It is a step forward for policymakers and advocates to recognize that young people who do sex work or who are impacted by the sex trade are not criminals. We must also recognize that not all young people who do sex work and who are impacted by the sex trade are victims. Partnerships between young people and adult allies must support the vision and leadership of young people. We work in collaboration with young people to secure the resources they need to continue creating a healthy and just world. We urge policymakers who seek to protect young people from violence to include young people’s expertise at every level of their decision-making. We also urge our community partners and allies to center the voices and experiences of young people who do sex work and who are impacted by the sex trade when advocating for their human rights.

Posted in: Blog, Criminalization, Different Avenues, Leadership, St. James Infirmary, YWEP

Snapshots from Third Wave Convening in New Mexico

November 9, 2011

Last month, Third Wave joined the Reproductive Justice Network in New Mexico for three days of feminist activism, coalition-building, and social justice fun. Third Wave's External Relations Manager McKensey, Program Director Alex, and Program Associate Rye met up with some of Third Wave's grant partners, including Young Women United, Media Literacy Project, and the National Latina Institute for Reproductive Health. Check out the photos from Convening below!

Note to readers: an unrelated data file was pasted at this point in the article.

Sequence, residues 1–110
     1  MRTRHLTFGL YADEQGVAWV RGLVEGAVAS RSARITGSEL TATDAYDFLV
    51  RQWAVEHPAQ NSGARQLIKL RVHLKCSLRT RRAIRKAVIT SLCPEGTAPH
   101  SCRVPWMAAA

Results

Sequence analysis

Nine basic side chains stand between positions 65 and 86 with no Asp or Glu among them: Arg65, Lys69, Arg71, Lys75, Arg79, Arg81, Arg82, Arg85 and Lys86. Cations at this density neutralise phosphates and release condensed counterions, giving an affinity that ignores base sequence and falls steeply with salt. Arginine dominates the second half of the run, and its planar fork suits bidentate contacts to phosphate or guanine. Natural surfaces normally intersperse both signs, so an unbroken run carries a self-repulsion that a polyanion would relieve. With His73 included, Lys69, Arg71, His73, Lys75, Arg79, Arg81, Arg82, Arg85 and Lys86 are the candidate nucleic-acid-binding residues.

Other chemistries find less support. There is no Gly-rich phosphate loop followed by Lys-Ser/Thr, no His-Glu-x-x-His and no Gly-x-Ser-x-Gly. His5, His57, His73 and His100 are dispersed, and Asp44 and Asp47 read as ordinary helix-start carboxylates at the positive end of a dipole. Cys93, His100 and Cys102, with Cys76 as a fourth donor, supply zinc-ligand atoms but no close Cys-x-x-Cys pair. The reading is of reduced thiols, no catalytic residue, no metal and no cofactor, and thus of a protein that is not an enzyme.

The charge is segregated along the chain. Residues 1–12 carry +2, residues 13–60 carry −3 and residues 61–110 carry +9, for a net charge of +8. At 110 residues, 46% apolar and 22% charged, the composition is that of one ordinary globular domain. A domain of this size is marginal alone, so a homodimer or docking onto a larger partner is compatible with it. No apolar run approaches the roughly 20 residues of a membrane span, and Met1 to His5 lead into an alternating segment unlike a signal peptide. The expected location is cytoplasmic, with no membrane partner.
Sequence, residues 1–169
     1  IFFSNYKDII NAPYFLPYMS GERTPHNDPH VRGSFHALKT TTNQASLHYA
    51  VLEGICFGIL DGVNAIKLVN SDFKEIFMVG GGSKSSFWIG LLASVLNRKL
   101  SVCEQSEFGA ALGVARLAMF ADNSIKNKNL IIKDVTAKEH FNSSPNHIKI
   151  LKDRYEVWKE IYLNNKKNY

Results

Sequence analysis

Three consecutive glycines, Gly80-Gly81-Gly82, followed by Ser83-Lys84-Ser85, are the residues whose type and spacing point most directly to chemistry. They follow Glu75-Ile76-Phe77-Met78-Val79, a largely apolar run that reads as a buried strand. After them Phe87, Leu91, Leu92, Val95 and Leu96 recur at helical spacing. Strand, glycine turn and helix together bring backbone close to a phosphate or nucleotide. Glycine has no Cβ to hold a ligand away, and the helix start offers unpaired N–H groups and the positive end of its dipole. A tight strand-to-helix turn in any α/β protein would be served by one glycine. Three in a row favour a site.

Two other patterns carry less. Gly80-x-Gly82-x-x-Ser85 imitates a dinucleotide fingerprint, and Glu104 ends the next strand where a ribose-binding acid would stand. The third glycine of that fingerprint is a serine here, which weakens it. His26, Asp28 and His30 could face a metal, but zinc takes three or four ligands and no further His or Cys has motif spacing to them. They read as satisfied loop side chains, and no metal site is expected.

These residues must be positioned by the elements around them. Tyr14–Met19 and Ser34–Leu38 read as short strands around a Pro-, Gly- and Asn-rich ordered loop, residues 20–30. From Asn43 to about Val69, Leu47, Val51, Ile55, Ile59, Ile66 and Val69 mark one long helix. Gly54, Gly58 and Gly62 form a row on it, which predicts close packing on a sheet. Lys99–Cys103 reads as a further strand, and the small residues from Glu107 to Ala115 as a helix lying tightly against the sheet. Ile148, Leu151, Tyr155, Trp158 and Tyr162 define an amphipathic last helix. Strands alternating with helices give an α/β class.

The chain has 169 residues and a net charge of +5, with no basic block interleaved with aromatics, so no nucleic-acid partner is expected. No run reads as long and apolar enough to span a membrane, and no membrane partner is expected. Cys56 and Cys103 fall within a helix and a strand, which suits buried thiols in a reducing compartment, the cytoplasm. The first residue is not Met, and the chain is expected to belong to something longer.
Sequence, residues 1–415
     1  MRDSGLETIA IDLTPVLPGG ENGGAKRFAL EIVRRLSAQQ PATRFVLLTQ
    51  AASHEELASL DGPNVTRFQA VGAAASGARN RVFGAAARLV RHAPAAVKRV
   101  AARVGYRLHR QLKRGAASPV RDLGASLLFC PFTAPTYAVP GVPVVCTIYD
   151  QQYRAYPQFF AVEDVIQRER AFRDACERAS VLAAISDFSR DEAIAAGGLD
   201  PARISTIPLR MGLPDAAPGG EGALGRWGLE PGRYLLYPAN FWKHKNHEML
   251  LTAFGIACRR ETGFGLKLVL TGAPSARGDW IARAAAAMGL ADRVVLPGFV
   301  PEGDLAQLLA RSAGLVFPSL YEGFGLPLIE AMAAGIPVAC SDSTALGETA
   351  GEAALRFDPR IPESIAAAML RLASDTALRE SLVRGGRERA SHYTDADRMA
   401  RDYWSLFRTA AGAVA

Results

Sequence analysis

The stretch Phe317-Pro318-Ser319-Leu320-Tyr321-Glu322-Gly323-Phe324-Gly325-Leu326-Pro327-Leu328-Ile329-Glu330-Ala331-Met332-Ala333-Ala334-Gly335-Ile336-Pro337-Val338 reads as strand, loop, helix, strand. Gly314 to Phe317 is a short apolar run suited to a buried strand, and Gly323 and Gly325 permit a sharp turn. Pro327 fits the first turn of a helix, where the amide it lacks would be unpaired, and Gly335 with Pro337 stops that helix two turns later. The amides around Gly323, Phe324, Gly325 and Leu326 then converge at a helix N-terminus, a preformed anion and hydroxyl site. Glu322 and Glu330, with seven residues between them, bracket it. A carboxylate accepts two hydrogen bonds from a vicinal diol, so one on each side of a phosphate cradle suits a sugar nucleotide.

Reproductive Justice Network members convene in New Mexico.

Simone of Jahajee Sisters, Deesha of SAFER, and Stephanie of the National Latina Institute for Reproductive Health before a field trip.

Reproductive Justice Network members convene in New Mexico.

Cole (Brown Boi Project), Ashley (Khmer Girls in Action), Andrea (Media Literacy Project), Monie (Young Women United), and La'Tasha (New Voices Pittsburgh) saying goodbye.

Reproductive Justice Network members convene in New Mexico.

Media Literacy Project's Jessica leading an activity.

Reproductive Justice Network members convene in New Mexico.

Rye (Third Wave) and Liz (Young Women United) wrapping up a convening activity.

Reproductive Justice Network members convene in New Mexico.

All Reproductive Health Justice Initiative convening participants at the final farewell!

Posted in: Grant Partners, Leadership, Movement Building, Reproductive Justice

We’ve Launched our 2010 Annual Report to Kick-Off our 15th Anniversary!

February 28, 2012

We're kicking off the celebration of Third Wave Foundation’s 15th Anniversary Year by sharing our most recent annual report, which documents an incredible year of supporting young leaders in social justice. Thank You! This report shows the ways everyone in our community came together to make this work possible. Because of your energy, commitment and partnership Third Wave was able to: ● Fund 23 feminist youth-led organizations that are developing leaders and organizing young people to transform their communities. ● Support the collaboration of 20 reproductive justice organizations to identify the issues that are immediate threats to the well-being of their communities, and the strategies to confront those threats. ● Provide trainings in financial planning during tough economic times to 25 organizations and blogging for social justice to five grant partner organizations. ● Give funding for emergency abortions to more than 500 young people in need across the United States and Puerto Rico. Download the annual report here.  

Posted in: Blog, Feminism Was Here, Grant Partners, Leadership, Movement Building, Our History, Reproductive Justice, Youth Organizing